I’m sitting in an airplane, on my way to Dubai as I write this. This is the first time in weeks that I have had some quality time to myself and it’s peaceful and different. I’m beginning to gather my thoughts better and stringing together my meal ideas in this silent box high above the clouds seems so rewarding. This brief moment of joy I allow myself, this hygge (pronounced hoo-guh) is a feeling of cozy comfort- a sense of joy that I also feel around those I love the most- my family, friends, the one I love. Food plays such an important part in the daily hyggelig moments of my life. I cook and bake the kind of dishes that I’d be most happy serving to my family and friends; my hyggeligeste dish would be a dal-chawal khichdi with a tempering of all the possible garam masalas. Just the thought of it warms the cockles of my heart.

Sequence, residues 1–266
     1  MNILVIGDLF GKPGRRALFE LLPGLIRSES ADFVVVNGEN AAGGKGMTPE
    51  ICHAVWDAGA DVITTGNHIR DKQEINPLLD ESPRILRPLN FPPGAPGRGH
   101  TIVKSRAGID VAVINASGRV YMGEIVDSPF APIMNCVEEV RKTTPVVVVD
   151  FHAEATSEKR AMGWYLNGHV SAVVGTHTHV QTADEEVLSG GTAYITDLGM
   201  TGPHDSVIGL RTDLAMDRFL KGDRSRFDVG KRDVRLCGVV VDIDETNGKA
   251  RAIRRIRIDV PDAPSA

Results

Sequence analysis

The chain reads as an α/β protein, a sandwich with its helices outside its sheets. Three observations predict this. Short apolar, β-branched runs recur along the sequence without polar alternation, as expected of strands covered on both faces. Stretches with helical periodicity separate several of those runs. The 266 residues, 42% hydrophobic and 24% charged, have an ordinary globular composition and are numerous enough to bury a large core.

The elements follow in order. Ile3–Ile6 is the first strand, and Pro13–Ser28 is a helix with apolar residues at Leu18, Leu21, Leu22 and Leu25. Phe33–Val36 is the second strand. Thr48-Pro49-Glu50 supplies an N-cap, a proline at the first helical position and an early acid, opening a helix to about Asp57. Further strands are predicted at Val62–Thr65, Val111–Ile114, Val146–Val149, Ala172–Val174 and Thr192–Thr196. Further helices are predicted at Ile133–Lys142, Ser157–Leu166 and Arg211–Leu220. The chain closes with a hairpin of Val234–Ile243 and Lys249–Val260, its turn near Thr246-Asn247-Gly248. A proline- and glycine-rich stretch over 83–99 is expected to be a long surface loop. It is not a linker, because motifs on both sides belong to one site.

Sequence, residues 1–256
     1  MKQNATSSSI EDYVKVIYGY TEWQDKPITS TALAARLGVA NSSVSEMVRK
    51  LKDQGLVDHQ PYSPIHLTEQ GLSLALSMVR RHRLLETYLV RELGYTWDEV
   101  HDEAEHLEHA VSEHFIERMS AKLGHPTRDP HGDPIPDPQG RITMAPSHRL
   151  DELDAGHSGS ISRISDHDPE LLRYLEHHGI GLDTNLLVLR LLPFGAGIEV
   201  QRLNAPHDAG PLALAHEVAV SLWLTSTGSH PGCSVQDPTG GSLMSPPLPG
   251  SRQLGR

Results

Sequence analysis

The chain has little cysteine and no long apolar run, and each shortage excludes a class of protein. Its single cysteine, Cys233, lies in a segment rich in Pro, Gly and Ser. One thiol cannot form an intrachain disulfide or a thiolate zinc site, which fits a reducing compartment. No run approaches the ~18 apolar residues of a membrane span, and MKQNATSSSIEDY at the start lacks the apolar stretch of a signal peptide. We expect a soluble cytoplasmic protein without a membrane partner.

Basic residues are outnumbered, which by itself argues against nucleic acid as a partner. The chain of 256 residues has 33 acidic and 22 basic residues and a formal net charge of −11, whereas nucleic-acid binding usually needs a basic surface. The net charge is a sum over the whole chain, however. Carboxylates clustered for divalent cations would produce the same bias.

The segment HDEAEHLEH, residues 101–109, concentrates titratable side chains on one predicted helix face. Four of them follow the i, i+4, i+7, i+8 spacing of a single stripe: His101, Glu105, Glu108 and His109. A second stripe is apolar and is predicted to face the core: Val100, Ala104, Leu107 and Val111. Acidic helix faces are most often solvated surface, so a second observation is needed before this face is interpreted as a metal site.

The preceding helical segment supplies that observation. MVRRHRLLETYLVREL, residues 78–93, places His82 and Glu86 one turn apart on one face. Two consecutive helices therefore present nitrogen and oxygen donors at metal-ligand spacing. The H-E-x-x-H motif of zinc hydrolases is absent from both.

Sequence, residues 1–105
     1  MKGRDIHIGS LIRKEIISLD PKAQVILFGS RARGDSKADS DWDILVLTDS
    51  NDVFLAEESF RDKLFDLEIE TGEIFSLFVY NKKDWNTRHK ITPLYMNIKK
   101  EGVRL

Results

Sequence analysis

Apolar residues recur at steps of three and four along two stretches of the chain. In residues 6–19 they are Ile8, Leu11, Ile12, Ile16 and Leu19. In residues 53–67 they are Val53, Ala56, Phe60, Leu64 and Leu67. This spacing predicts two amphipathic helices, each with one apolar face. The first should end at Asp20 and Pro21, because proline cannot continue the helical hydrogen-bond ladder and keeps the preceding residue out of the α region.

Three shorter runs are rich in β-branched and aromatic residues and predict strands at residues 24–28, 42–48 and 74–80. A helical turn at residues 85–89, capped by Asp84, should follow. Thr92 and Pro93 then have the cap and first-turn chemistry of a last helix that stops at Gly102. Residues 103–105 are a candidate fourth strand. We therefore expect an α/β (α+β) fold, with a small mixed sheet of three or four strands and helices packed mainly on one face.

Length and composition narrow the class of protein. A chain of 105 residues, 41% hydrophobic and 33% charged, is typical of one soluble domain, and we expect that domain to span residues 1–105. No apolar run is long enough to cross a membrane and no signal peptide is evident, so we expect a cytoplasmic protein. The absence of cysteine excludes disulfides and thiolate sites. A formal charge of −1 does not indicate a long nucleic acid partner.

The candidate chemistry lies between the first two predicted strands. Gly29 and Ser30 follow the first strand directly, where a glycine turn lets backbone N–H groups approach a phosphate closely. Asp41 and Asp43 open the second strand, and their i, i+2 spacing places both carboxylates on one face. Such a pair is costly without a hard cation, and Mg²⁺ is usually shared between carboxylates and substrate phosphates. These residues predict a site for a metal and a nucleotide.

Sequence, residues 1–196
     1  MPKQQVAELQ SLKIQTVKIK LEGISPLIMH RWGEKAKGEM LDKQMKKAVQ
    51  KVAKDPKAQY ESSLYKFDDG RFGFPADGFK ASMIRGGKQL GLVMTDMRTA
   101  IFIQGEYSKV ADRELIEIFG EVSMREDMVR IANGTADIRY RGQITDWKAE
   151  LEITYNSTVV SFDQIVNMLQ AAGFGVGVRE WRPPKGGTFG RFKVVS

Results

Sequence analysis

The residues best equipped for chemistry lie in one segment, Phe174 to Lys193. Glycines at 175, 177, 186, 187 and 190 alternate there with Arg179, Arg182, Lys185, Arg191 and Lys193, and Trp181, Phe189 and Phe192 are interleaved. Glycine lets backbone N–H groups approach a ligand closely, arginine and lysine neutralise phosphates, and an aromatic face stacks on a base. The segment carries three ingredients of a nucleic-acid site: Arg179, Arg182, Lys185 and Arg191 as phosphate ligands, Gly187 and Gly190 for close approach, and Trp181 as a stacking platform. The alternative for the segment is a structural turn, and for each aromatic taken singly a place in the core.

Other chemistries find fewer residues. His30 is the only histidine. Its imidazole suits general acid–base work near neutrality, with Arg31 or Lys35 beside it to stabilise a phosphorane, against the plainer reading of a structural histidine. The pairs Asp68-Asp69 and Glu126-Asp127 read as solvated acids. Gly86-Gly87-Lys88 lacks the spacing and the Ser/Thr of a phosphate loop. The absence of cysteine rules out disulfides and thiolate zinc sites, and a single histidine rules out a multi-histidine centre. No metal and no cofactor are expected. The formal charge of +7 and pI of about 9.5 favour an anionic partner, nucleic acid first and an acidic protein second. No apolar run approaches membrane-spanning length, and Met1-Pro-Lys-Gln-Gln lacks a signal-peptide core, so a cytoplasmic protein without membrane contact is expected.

The Danish concept of hygge, so inseparable to Danish culture applies to the whole world, and I think each one of us could do with some hygge-ing. The hygge is a feeling of comfort that I don’t just associate with Valentine’s Day, but to a general way of living. The act of cooking for friends and family- with care, and keeping your diner’s preferences in mind, atithi devo bhavah, if you must, then personalising a dinner table setting, celebrating togetherness and love is something we’ve got to hold on to, and as Indians we do this. Silently, but quite expressively, us Indians have been practitioners of a kind of hygge for centuries; this outlook is a part of our culture, but we have changed since. A modern, more western outlook makes us forget what’s the little things that are going to keep us happy at the end of the tunnel, and from this, stems a need for hygge. What I’m trying to say is that every once in a while we need to slow down, and surround ourselves with people, food, things and thoughts that makes us happy- the core essence of this philosophy. To celebrate this, I’m putting down some of my family’s favourite dishes in this feature, and sharing with you how my mum and I make them.